As part of Aon’s Ageonomics methodology, each safety, ergonomics, benefits, wellness, human-resource program aligns strategies and their resulting activities around the needs of the aging worker. The ultimate objective is to develop strategies geared toward optimizing the performance of the aging worker. This can only be done when each program is assessed and refined for the aging workforce (Table 2). For example, a recent study (Ruahala, et. al. 2007) found a linear trend between increasing workload and increasing sick time among nurses. First, we know that in health care and social assistance, musculoskeletal disorders (MSDs) make up 42% of cases and have a rate of 55 cases per 10,000 full-time workers. According to the Bureau of Labor Statistics, this rate was 56% higher than the rate for all private industries and second only to the transportation and warehousing industry. Second, given that 55% of the USA nursing workforce is age 50 or older (NCSBN &The Forum of State Nursing Workforce), conducting an Ageonomics assessment may be an important part of a strategic program to reduce sick leave, workers’ compensation injuries and overall absenteeism. Third, solutions cannot be one-dimensional, i.e., simply purchasing patient-handling equipment and hoping that will remedy the situation. Strategies must encompass the total health and wellbeing of the worker for optimal success, including a thorough review of the programs outlined in Table 2.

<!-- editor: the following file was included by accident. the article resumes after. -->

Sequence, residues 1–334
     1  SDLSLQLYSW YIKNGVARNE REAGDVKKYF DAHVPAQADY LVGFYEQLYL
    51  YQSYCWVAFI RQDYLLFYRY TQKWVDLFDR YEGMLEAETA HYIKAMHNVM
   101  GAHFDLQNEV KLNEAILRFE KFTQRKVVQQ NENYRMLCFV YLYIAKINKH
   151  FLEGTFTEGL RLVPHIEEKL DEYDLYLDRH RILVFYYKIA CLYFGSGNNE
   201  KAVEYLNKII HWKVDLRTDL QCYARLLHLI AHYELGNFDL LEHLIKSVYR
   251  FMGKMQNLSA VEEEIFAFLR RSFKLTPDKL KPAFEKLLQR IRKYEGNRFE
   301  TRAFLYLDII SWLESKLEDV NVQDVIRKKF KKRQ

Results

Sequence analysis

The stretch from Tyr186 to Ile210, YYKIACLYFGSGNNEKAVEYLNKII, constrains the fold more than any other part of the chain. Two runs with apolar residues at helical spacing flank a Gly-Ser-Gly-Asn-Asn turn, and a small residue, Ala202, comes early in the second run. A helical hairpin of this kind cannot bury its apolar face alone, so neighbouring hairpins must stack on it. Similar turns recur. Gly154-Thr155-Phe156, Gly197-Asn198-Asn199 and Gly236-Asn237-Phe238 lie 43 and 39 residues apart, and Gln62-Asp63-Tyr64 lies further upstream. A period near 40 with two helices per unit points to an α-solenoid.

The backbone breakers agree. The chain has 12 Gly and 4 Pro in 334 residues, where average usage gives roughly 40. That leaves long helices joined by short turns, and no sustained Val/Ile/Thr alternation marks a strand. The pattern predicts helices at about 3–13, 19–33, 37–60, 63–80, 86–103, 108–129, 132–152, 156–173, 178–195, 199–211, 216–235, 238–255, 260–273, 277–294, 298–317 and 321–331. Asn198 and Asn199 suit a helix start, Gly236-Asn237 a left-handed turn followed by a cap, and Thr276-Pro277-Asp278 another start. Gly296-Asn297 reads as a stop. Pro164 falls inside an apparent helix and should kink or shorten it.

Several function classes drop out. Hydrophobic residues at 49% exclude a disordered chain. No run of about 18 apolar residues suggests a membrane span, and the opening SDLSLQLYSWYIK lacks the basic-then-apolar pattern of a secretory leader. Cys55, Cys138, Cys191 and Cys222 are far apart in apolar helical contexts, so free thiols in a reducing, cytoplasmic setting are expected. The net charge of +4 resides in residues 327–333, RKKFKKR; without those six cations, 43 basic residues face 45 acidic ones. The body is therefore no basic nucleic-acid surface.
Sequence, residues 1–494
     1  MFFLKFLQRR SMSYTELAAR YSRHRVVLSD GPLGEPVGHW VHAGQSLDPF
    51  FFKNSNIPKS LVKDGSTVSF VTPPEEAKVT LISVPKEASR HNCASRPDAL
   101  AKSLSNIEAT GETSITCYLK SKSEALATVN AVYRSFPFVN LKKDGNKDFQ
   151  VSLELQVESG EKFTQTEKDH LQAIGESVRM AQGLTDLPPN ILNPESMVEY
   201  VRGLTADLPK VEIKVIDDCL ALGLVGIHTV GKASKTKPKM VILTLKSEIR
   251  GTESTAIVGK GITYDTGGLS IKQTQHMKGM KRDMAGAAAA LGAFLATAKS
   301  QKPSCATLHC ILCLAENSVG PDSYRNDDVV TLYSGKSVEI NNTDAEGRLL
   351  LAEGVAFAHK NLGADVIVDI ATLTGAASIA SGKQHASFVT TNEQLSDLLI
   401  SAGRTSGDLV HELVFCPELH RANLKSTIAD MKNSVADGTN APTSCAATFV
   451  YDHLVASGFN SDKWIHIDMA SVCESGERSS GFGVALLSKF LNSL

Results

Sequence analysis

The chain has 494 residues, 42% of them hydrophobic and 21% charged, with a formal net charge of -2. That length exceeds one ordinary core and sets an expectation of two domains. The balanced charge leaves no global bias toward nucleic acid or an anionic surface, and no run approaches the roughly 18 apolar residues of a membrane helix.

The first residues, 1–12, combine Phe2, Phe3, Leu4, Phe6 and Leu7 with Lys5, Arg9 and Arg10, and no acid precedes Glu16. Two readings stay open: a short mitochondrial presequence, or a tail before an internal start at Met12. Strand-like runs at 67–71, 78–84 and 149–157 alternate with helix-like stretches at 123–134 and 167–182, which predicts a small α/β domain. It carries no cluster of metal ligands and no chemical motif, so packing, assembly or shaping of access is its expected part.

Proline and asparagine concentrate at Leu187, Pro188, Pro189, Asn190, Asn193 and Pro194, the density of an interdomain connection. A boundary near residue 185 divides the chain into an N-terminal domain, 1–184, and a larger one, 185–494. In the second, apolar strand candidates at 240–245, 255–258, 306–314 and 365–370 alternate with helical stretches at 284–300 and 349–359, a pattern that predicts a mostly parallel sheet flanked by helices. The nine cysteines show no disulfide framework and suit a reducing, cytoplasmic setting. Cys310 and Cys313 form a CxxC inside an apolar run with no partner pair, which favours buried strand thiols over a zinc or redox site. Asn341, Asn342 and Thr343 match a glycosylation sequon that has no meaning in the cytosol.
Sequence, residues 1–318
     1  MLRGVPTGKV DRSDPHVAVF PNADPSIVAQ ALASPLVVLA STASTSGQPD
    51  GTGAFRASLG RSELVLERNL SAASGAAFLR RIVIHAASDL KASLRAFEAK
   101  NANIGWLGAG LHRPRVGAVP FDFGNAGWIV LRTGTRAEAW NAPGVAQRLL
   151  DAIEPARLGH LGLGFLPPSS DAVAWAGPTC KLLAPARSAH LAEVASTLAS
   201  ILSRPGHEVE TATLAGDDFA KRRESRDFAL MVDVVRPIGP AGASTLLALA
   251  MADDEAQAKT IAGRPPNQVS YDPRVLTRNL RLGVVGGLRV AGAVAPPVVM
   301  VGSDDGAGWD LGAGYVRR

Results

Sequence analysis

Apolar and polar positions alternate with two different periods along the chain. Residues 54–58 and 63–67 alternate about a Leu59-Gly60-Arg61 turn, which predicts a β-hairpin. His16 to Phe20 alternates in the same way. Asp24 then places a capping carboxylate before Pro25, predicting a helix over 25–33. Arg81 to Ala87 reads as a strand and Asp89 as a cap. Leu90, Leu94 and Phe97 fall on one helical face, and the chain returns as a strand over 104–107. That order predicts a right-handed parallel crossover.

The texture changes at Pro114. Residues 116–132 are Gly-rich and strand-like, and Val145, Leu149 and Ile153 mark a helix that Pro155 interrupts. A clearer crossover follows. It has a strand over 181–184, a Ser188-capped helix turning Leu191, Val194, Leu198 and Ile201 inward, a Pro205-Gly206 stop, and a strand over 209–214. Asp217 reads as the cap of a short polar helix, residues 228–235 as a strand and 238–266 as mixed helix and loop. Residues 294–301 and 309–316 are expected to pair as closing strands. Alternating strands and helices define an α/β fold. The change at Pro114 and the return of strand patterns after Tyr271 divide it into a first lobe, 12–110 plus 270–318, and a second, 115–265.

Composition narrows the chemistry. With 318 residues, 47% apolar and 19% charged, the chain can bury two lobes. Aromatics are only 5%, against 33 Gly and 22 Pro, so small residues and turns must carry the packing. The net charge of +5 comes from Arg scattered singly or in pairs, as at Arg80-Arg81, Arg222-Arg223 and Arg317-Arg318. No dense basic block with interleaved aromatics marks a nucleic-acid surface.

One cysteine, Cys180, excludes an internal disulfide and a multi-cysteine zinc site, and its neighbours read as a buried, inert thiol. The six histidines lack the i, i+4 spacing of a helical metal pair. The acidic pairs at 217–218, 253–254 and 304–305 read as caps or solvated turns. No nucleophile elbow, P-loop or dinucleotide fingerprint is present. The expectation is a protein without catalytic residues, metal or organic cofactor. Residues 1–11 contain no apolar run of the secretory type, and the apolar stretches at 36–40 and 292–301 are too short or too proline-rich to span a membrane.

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Rethinking Wellness As the U.S. workplace continues to age, it is critical to rethink wellness programs. Berry et. al. (2010)5 state in the Harvard Business Review: